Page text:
Adelina said qualifying for the final alongside her friend Merinda was “one of the best days of my life”.

“It’s so exciting, I had to convince myself it wasn’t a dream! she said.

“To qualify for the final is a great personal victory and a validation that I am going in the right direction.”

“Merinda and I started the same year and she is one of my best friends.

“None of us are focused on competing – jazz is so collaborative and it will be a great opportunity to immerse myself in the music and meet other like-minded souls.

“I can’t wait to perform in the huge festival marquee in front of thousands of people – it’s so different from the little jazz clubs I usually perform at!”

Adelina had to struggle to study music – initially facing resistance from her parents.

“When I was 15, I secretly found a part-time job to pay for singing lessons – it lasted almost 18 months before my mom found out!

“My singing teacher encouraged me to apply for Con – I didn’t even know what it was back then!

“I don’t come from a musical background, my parents were immigrants from Uruguay where there are real economic difficulties and people don’t place a high value on the arts.

“My mom is a scientist and she just didn’t get it.

“She’s here now – she realizes now that there are loads of opportunities if you take up the challenge.

“There is such a world of opportunity out there – I am a student, a music teacher, a performer, a conductor.”

Merinda was shortlisted for the vocal scholarship last year and is delighted to return to Mount Gambier for the Generations in Jazz festival, which attracts the world’s best jazz performers and thousands of budding jazz musicians.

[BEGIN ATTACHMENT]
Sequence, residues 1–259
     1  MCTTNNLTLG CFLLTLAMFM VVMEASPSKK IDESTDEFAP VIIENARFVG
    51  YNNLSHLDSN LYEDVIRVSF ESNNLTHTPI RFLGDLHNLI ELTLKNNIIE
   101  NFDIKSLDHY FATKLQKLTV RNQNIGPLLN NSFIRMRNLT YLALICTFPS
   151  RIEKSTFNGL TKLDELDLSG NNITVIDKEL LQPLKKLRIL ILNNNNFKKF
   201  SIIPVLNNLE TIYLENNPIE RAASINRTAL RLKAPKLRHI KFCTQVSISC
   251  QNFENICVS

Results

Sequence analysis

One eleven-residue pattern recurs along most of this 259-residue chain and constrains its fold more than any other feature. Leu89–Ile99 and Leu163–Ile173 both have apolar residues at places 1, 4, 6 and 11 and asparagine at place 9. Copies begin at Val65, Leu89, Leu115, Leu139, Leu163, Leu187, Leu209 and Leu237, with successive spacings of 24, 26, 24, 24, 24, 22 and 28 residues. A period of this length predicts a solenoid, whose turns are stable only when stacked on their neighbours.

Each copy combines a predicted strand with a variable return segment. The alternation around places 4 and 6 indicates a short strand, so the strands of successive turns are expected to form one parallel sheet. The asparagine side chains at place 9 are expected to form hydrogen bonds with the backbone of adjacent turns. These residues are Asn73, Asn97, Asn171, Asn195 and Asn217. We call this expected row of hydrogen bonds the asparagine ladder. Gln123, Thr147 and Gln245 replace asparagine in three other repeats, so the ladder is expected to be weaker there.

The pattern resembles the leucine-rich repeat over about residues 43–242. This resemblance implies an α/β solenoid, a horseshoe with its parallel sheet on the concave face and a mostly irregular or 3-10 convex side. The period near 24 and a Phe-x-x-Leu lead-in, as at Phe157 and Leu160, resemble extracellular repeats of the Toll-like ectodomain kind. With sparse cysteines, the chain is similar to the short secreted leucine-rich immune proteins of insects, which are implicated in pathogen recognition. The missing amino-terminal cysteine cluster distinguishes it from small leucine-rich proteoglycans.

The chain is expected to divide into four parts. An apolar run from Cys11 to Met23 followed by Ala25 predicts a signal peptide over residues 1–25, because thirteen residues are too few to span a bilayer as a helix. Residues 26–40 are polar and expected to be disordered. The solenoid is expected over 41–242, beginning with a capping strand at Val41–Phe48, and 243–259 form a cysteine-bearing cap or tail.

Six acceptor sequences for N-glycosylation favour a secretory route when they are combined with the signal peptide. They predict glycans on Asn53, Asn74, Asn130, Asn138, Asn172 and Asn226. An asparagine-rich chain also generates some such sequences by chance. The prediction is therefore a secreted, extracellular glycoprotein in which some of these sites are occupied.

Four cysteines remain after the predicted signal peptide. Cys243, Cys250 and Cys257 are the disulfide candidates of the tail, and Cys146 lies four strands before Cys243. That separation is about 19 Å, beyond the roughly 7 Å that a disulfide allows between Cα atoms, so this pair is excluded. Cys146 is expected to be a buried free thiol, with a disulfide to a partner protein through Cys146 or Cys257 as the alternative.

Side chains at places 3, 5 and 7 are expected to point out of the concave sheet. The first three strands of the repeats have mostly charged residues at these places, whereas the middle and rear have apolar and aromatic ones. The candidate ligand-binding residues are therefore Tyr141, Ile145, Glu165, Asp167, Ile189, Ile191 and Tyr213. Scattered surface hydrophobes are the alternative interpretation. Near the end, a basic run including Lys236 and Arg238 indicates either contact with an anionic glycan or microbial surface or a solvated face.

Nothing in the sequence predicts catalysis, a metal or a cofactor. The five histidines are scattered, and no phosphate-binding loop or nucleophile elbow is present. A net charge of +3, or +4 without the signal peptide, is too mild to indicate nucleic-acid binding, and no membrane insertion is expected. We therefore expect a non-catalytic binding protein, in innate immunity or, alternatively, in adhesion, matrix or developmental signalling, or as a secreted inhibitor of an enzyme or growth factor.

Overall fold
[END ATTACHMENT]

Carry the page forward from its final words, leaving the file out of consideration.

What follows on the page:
“It’s a chance to see a great group of musicians and make great music,” she said.

“It’s an experience like no other.

Both singers are taught by legendary Con vocal coach and keynote speaker Dr Irene Bartlett, who has mentored everyone from Dami Im to Katie Noonan.

“We have had great success at the Generations in Jazz Festival over the years,” she said.

“To have a singer in the final of a national competition like this is amazing, but to have two is a real hit and it is a tribute to the talent that we have here at Con.

“You don’t have to be a part of the Sydney or Melbourne jazz scene to be successful in the industry – our accomplishments speak for themselves.

Queensland Conservatorium Director Professor Scott Harrison said the Queensland Conservatorium’s jazz program was recognized as one of Australia’s best, with graduates finding success nationally and internationally.

“We have produced many remarkable singers who have transformed the Australian music scene – from Dami Im to Katie Noonan and Megan Washington,” he said.

“Adelina and Merinda are among the next generation of talented students who are making their mark in the industry.

“We remain the dream destination for budding young musicians around the world – this has been confirmed by our position among the top 50 performing arts programs in the world and our recent ranking as the # 1 creative arts school. from the country. “

the Generations at the Jazz Festival will take place May 4-6 in Mt Gambier, South Australia.

https://www.youtube.com/watch?v=ny89DAWGVFo


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Bowhead whales are the “jazz singers of the Arctic” https://jazzfin.com/bowhead-whales-are-the-jazz-singers-of-the-arctic/ https://jazzfin.com/bowhead-whales-are-the-jazz-singers-of-the-arctic/#respond Thu, 05 Apr 2018 07:00:00 +0000 https://jazzfin.com/bowhead-whales-are-the-jazz-singers-of-the-arctic/ Bowhead whales have many unusual qualities. They can live 200 years. They have the largest mouths of all living animals, but only eat very small ocean creatures through a filtered-power process. They have the thickest fat, or greasy covering, of all whales. Another interesting quality? Their underwater style of communication makes scientists compare them to […]]]>

Bowhead whales have many unusual qualities. They can live 200 years. They have the largest mouths of all living animals, but only eat very small ocean creatures through a filtered-power process. They have the thickest fat, or greasy covering, of all whales.